On a Tuesday in April last year, I meandered into Ms. V’s class, just to hang out. She called on volunteers and non-volunteers, encouraged group work, spoke in a fair, respectful tone, and was generally an excellent teacher for the entire 53 minutes.

Later, when we discussed it, she mentioned, “Ugh. I’m sorry you had to see that; it was not a good day.”

When I countered with, “That was better than most of my great days when I was a classroom teacher,” she dismissed my comment.

Then this week, I asked if she’d help me talk through some education ideas. Our chat went so well that I asked if she’d be willing to present on the idea at a local conference.

She gasped. “I’d be honored. I might cry right now.”

In the moment, I botched my response, so here’s what I should have said:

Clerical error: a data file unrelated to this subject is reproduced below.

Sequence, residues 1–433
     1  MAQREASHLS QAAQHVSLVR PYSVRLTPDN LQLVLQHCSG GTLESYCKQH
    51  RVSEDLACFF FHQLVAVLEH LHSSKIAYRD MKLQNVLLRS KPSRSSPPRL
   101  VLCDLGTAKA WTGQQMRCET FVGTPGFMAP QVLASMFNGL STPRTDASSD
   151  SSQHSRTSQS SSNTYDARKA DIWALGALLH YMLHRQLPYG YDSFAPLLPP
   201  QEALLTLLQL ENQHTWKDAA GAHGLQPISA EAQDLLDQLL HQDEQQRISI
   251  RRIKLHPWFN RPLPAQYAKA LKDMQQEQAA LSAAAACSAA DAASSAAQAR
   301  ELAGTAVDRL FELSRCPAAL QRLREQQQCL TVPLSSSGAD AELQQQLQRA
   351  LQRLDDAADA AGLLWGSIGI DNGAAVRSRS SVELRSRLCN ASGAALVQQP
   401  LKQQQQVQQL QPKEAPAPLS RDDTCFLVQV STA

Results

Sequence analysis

Ms. V, I’m so excited to share these education ideas with other people, and I know that if both of us co-create this idea, then it will be even better than me doing it alone. You’ve made passing remarks to me being a “math celebrity” or whatever, but you have just as many great ideas to share as I do, and probably more.

My ideas aren’t more valuable than yours, just because there’s a book with my name on it. Ideas gain value when they’re affirmed by other people, and I want to amplify your ideas so they can be affirmed, shared, and valued.

Further, the core of you and I is remarkably similar. We both value students’ whole selves and care deeply for the pre-adults in our care. We both value collaboration and sharing and get frustrated when our peers give anything less than their best. We both try to become a little bit better each day, even if it means more work.

You and I aren’t different. We’re the same.

My teammate John has the below tweet and this blog post to extend the idea.

~Matt “Unpolished” Vaudrey

UPDATE: Thankfully, she agreed to work with me, and we’re already chewing through some ideas on making math class a more patient place for problem-solving. Stay tuned.